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Author: Nancy A. Wasser
“I just cannot write” or “I am not a good writer” are familiar complaints from students in academia. Many of them claim they cannot express themselves clearly in written text, and their lack of this skill impedes them in their academic career. In this book, Nancy A. Wasser argues that teachers can help solve this when they start viewing writing not as secondary to reading, but as the equally important side of the same coin. Those who cannot read, will not be able to write.

Wasser explains how teaching and regular practicing of writing skills from an early age onwards helps children grow into students who are self-aware of their voices. By employing narrative as a process of learning to write and a way to read, teachers can teach children the art of writing, while also making children more aware of their own constructions of narrative. Combining the focus on individual and group expression in writing lessons, students can trace and reflect on their own life transformations through their writing process.

Good writers are not born that way, but made through effort and practice. Changes in curriculum may not only lead to better-expressed citizens, but also to more balance between teacher and children voices.
This book presents useful insights on the regeneration of curricula and pedagogies with a particular focus on universities in South Africa and Africa in general. Transformative Curricula, Pedagogies and Epistemologies: Teaching and Learning in Diverse Higher Education Contexts further explores the state of teaching and learning in different contexts, together with the emerging challenges and responsibilities that African higher education in the twenty-first century is faced with. The analysis is put in light of the assumptions borrowed from the West, for Western epistemologies and pedagogies are still dominant. Instead, the book presents a case on the need for rethinking pedagogies and epistemologies within African higher education that include African culture, values, ethics, and indigenous knowledge. The new obligations of inclusive education, decolonisation, transformation, and academic and professional experiences are of paramount importance for contemporary higher education.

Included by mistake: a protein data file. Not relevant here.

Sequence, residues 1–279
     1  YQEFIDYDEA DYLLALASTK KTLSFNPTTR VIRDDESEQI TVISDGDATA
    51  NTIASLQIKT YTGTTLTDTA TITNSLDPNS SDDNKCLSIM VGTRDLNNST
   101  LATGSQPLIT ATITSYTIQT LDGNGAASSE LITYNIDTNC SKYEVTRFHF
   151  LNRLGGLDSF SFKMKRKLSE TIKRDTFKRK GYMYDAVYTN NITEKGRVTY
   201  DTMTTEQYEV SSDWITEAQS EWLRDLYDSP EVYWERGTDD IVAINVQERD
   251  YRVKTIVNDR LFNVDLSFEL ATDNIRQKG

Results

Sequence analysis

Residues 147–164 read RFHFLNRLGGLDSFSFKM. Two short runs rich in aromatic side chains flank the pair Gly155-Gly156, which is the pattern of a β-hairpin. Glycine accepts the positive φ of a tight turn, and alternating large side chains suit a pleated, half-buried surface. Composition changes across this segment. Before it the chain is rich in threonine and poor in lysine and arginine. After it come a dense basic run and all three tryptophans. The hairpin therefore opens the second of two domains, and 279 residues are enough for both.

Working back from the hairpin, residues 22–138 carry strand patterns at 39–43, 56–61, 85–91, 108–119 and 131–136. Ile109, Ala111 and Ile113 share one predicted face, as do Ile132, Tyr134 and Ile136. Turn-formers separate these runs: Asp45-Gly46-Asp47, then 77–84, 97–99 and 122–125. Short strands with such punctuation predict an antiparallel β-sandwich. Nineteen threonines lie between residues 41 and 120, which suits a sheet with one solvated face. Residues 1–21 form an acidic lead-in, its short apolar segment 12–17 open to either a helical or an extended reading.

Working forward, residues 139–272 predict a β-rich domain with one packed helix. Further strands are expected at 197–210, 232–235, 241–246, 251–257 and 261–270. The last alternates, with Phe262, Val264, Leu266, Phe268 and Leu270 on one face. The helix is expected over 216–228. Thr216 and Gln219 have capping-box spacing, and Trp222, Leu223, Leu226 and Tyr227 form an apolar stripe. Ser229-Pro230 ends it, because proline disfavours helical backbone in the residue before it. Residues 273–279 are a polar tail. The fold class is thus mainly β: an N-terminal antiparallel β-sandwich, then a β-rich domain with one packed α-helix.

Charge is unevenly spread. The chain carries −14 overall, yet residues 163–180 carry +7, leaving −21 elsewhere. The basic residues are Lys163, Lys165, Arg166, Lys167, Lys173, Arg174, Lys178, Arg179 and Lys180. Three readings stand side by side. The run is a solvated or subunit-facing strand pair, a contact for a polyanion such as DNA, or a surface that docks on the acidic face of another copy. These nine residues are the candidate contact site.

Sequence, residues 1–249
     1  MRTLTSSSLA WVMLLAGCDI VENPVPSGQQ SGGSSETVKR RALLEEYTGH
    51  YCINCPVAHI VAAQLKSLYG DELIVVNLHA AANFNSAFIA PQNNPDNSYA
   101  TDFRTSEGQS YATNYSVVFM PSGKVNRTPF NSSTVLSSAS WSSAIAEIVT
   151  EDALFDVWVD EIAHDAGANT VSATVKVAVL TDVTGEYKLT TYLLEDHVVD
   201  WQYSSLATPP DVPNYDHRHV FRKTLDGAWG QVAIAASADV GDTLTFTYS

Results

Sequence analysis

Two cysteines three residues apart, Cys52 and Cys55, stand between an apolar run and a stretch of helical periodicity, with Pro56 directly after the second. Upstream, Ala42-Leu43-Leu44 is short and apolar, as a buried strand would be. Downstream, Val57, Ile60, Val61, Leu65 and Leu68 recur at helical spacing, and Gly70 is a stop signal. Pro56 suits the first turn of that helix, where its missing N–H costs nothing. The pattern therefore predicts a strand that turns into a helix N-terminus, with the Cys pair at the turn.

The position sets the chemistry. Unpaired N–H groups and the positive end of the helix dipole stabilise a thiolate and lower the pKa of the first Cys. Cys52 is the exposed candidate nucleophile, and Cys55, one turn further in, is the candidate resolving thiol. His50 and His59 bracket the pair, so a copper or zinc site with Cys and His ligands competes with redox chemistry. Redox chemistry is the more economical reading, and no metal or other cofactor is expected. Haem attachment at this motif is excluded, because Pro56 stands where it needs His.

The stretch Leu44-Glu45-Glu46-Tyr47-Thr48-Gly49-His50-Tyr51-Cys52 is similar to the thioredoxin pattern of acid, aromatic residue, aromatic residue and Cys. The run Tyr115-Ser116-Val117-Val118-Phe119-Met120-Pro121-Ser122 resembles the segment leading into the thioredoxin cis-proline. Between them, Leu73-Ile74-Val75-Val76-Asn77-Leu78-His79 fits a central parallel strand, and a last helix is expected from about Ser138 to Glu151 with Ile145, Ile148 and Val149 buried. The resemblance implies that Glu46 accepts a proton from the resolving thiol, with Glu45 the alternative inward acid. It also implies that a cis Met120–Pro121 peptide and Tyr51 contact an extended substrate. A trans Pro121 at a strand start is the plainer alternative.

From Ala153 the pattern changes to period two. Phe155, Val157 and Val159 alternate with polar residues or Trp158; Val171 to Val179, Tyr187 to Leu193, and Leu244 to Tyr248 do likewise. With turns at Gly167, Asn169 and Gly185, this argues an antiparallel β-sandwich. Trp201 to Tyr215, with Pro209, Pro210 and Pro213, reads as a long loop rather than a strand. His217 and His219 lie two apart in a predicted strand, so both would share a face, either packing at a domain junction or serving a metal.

Valuable ideas about practices and policies in epistemological and pedagogical transformative mechanisms are discussed which can be used to inform a decolonised teaching and learning curriculum most suitable for an African higher education system. Above all, the book goes beyond mere narratives, as it explores decolonisation strategies suitable for transforming pedagogical and epistemological practices that include the education system as a whole.
Volume Editors: Linda Ware and Janet Story Sauer
Author: Augie Fleras
The multiculturalization of Canada has catapulted it into the front ranks of countries in advancing a principled diversity governance. Fifty years after the inception of a multicultural governance model that seemingly works and is relatively popular, Canada remains one of the few countries in the world to believe in multiculturalism. Yet the irony is inescapable: Notwithstanding its lofty status as a Canadian icon and an aspirational ideal, an official multiculturalism remains misunderstood both in Canada and abroad in terms of what it means, how it works and for whom, and why it endures. If anything, as the book explains, the idea of multiculturalism remains shrouded in the conceptual fog of a ‘riddle wrapped in a mystery inside an enigma’. An interplay of polite fictions that mask inconvenient truths puts the onus on deconstructing Canadian multiculturalism by conceptualizing strengths (including a probe into why multiculturalism ostensibly works in Canada but rarely elsewhere), analyzing weaknesses, critically assessing its worth, and envisioning its future in responding to the new realities and demands of a post-multicultural world. That Canada’s multiculturalism remains a work in progress, albeit one with innovative possibilities, provides a fitting tribute.
Volume Editors: Annica Andersson and Richard Barwell
There is no shortage of urgent, complex problems that mathematics education can and should engage with. Pandemics, forest fires, pollution, Black Lives Matter protests, and fake news all involve mathematics, are matters of life and death, have a clear political dimension, and are interdisciplinary in nature. They demand a critical approach. The authors in this volume showcase new insights, teaching ideas and new and unique ways of applying critical mathematics education, in areas as diverse as climate change, obesity, decolonisation and ethnomathematics. This book demonstrates that there is plenty to be done with critical mathematics education.